Mike Shelton conducted seven workshops this year, bringing his overall total of workshops conducted to 102! He first got involved with AWW back in 1998. He is on staff at the Weeks Bay National Estuarine Research Reserve and has been training and supporting citizens since 2001. He is a past member of the AWW Association Board of Directors. Mike is a great source of scientific knowledge when it comes to water quality on the coast and he does a great job of conveying that through his training sessions and many other outreach activities. We appreciate his involvement!
Other Volunteer Trainers who came in a close second were: Jean Ann Moon and Mimi Fearn who both conducted 6 trainings this year.
4-H AWW Group of the Year
Recipients: Limestone County and Marion County
Two groups were awarded the “4-H AWW Group of the Year” for their achievements in the past year.
4-H Regional Extension Agents and local teachers who attended the 2016 Exploring Our Living Streams Workshops began both of these outstanding groups.
1. Limestone County 4-H AWW includes students from Ardmore High School as well as Clements High School. 4-H Agent, Chloe Wilson and Ardmore High School Teacher, Starr de Graffenried used the EOLS curriculum to expose the students to aquatic science and water monitoring in the classroom. Interested students had the opportunity to join the Nature Club that would include water monitoring with 4-H AWW as one of its major activities. In January, Mona and Sergio traveled to Ardmore to assist with the official water chemistry certification class. The group found an abandoned AWW site (Piney Creek) on their school campus and have begun regular monitoring! Later in the semester the group took a field trip to Caney Creek Falls and other spots in the Bankhead National Forest where they put their Stream Biomonitoring skills to practice. Read more about that Field Trip.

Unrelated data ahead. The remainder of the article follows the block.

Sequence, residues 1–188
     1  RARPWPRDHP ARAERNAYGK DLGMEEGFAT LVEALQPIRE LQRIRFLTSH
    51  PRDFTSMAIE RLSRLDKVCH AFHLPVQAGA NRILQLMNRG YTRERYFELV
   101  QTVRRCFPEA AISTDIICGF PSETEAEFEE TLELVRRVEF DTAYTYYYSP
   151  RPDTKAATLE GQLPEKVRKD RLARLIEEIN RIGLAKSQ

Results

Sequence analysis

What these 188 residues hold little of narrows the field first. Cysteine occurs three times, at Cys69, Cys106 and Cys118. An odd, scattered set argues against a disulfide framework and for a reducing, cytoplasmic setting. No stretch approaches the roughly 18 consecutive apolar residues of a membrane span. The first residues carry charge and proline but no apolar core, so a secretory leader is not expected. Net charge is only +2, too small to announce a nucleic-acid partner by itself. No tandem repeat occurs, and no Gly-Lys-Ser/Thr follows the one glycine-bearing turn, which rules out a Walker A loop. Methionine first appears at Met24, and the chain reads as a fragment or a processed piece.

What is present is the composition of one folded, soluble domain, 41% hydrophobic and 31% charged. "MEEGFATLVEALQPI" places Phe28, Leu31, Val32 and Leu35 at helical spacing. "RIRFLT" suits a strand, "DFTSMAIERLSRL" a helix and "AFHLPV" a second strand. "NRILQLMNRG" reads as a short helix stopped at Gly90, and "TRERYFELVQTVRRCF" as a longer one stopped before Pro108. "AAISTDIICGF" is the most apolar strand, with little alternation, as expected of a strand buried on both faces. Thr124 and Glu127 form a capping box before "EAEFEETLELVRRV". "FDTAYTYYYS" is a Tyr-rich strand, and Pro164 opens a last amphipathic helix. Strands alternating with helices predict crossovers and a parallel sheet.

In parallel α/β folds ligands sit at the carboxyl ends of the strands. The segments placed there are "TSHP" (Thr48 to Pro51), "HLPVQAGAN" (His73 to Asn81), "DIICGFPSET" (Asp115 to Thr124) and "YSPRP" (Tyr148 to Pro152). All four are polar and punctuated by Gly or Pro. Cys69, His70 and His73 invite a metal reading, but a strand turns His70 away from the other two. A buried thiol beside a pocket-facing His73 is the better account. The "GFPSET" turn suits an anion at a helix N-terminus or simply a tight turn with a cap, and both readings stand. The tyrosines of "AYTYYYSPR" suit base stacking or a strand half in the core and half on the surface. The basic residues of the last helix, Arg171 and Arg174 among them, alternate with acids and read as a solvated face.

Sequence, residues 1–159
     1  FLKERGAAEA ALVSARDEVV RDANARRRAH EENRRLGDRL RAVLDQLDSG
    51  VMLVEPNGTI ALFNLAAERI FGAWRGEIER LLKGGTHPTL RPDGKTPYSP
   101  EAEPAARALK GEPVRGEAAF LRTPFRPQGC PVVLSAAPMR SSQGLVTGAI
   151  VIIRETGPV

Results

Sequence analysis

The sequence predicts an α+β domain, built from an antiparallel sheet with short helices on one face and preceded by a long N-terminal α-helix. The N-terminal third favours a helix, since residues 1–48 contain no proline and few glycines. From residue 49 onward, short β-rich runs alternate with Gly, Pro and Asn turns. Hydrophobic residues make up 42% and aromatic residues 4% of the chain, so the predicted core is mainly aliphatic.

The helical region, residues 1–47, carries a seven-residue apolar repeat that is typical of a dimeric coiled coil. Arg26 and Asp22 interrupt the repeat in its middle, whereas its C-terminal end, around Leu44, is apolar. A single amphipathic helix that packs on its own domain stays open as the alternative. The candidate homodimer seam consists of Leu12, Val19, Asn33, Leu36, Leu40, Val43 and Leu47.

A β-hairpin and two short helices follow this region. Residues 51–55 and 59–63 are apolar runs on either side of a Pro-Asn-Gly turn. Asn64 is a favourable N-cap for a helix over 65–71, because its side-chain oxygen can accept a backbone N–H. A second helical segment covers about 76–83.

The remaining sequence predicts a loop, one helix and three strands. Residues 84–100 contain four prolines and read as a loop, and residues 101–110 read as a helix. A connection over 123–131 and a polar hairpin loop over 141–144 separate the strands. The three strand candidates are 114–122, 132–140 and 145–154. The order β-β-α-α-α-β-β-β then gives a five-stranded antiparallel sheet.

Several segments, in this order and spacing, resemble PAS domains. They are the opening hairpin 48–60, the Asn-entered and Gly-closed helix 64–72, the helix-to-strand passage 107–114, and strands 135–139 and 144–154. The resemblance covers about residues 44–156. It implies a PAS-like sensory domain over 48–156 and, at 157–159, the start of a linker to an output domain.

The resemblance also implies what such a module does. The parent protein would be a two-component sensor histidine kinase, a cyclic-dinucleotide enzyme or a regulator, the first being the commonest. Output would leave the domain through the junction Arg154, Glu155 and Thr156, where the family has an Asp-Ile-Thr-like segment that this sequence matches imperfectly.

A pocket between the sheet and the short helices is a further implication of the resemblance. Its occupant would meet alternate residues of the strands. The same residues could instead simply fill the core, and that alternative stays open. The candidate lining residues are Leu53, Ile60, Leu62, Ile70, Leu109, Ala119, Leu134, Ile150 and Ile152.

Starr and Chloe have big plans for this group’s future and we couldn’t be more excited!
2. Marion County 4-H AWW is made up of students who are part of the Environmental Club at Hamilton High School, which is led by teacher, Kacy Cobb. 4-H Agent, Rebecca Danley worked closely with Kacy to support the formation and training of this group. Rebecca and Kacy worked with the students in-school and in the field to get them comfortable with monitoring techniques. In February, Mona and Sergio travelled to Hamilton to assist with the water chemistry certification. The students did a fabulous job with the techniques and have also adopted an abandoned AWW site on Williams Creek. They have also conducted Stream Biomonitoring and have even begun to learn how to use the AWW Water Data Tools to analyze data. Two additional Marion County teachers have been trained in recent months, so Kacy and Rebecca will have additional support in the coming school year.